Then she appeared! Brian threw the dropper, which, although it has a broken wing, flew onto the top of the loft instead of going straight through the open door. This upset her; she missed the door and went onto the veranda area of the loft. She was a little nervous as she could obviously sense the excitement in my voice and would not trap through the open door or the stall trap.  In desperation I dropped the stall trap into the stock section where she was trying to get in. A big mistake as three or four stock cocks then came out, and to say that panic set in would be an understatement. It was like Fred Carno’s circus until I clocked in at 16.22.


I was straight to the computer to check the National website, it said there were no birds recorded at the time of my bird’s arrival in Section L, which I did not believe. Approximately 15 minutes later I managed to access Section L, which was recording a page of arrivals in our Section. I worked out my velocity. Frank Cuthbertson then rang me, asking if I had clocked in. I told him that I was just about to verify my time and he said, “You will not be far away with that time”.


A good while passed and still my verification was not showing – it should have as I had worked out my velocity. It was then my heart started to beat a little faster. I tried to refresh the website to see if that would make a difference but still my name, bird time and velocity were not appearing. The pages had frozen! It was then I got a telephone call from the Secretary Sid Barkel asking me to confirm my seconds reading on the clocking-in time. I informed him that it was a dead reading of 16.22.00. He then congratulated me and informed me that at that time I was in 1st Open position. To say that I was ecstatic would be an understatement – this was my ambition come true.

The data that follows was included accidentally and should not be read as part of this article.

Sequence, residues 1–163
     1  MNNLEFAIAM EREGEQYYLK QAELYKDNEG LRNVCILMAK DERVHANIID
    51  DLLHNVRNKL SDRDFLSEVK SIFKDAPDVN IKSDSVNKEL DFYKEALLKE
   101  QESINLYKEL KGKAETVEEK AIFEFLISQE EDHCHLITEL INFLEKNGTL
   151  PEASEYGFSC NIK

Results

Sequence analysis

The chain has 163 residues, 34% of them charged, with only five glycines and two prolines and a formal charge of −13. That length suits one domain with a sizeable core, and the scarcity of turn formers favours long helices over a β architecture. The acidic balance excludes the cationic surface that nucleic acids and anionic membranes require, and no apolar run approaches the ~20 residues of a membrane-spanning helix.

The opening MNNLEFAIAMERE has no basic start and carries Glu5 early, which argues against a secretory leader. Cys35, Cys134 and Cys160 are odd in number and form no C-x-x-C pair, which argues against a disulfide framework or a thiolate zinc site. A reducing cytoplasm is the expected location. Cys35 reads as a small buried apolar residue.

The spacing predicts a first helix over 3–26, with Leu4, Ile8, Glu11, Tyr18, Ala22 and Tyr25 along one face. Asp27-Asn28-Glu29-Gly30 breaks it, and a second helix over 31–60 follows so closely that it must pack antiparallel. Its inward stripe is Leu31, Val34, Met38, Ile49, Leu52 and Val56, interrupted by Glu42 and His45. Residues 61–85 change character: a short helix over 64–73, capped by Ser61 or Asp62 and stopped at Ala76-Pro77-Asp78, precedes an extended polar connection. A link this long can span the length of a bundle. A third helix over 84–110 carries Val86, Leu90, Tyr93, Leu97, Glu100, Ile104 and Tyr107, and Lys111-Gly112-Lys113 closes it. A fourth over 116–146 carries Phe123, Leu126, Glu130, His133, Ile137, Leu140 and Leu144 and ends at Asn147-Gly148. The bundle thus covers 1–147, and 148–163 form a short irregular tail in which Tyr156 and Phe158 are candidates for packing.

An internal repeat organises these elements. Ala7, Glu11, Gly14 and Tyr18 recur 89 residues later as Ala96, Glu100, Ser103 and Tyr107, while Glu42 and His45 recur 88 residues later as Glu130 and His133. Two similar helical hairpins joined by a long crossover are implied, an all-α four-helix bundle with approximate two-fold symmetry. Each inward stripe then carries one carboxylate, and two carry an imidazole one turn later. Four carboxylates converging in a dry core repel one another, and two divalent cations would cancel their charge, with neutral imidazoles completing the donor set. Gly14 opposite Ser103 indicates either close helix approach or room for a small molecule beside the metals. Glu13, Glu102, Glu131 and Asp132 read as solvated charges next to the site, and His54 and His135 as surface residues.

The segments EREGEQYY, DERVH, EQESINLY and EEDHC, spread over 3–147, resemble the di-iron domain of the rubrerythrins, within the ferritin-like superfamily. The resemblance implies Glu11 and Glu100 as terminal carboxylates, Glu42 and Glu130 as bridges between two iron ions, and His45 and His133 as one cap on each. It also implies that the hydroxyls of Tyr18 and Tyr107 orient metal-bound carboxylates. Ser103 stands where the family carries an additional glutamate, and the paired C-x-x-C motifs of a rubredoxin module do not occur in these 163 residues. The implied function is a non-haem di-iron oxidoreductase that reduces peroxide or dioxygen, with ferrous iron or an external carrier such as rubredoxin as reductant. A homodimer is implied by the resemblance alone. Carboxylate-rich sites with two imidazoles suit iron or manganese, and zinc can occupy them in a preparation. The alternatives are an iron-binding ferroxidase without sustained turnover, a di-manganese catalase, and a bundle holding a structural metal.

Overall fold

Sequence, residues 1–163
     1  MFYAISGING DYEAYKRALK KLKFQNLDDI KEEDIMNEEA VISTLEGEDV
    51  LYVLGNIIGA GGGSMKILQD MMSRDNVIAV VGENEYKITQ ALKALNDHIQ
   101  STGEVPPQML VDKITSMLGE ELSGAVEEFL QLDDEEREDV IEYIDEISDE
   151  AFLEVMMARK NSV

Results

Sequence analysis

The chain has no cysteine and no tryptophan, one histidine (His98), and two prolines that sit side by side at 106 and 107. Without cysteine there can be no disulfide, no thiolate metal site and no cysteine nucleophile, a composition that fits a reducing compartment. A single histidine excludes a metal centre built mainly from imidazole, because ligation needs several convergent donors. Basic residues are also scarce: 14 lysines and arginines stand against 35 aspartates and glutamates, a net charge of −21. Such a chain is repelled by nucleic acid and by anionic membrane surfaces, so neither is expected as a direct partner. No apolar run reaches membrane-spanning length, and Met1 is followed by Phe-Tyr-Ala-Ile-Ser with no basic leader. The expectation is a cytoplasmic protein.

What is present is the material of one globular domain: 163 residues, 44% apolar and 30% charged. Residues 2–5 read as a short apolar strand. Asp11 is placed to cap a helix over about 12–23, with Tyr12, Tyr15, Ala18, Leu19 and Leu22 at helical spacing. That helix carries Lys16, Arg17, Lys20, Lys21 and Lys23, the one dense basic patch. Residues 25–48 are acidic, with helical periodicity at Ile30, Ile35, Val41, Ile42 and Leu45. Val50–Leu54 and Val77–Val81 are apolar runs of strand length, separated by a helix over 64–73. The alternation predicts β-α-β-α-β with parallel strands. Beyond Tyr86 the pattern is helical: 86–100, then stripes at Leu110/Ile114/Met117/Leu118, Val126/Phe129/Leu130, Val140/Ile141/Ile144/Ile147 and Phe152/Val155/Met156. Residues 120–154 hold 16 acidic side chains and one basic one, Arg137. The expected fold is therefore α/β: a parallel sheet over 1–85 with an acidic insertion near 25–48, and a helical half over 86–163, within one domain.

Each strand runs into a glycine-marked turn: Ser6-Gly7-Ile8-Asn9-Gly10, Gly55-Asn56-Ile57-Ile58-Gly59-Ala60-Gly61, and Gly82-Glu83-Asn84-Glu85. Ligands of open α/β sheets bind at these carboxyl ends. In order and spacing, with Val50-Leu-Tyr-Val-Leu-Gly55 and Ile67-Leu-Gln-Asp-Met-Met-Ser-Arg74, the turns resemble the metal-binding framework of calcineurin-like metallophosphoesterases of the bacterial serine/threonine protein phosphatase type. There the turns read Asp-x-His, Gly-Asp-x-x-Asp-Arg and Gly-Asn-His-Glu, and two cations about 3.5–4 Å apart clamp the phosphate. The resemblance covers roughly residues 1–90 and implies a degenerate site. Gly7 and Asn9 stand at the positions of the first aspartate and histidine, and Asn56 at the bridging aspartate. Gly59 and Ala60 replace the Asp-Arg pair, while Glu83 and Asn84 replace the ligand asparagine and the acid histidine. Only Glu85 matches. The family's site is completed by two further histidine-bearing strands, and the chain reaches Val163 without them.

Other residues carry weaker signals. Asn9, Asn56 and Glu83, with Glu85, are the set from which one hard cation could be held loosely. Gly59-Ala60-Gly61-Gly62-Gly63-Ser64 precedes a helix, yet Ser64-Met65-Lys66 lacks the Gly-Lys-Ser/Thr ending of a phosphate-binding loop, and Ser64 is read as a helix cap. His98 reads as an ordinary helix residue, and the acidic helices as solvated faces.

It was then my heart went into overdrive. Sid informed me that he was going to update the result right away. It was back to the computer waiting for the updated result and telephoning numerous fanciers who had rung me up asking what the wind speed and direction was, and what time should they expect their birds from other liberations. Whilst waiting for the update to appear, I ran back into the loft to throw some corn into the troughs and I noticed three or four other birds had arrived from the club racing which I had paid no attention to as I had already clocked a number of birds. The stock cocks had gone back in and, not checking, I had just closed the traps. Back to the computer and, after what seemed forever, there it was the telephone result with Joe Dorning at the top. I just sat there shouting for Brian to come and have a look.


The club Secretary arrived shortly after 6pm to take me to the club and then to the National clock station at Chorley. I showed him the bird. Then it was back to the computer to run off a few copies of the provisional telephone result. In all the excitement and without checking, I shut the loft up and was off to the club and the National clock station. I was that high, if that’s the right word that I never checked to see if my other two entries had returned. It was only the next morning on entering the loft that I discovered that both my other two birds must have arrived sometime between 5 and 6 o’clock the night before and were in the loft before I set off. I was so pleased to see them as they had both performed well previously that I was on a high again, so much so that when my wife saw me she said, “DO YOU KNOW THAT YOU HAVE GOT YOUR SHIRT ON INSIDE OUT?” That’s what a good drink celebrating does for you. But who cares, I have just achieved a life’s ambition – my ambition now is to do it again before I die.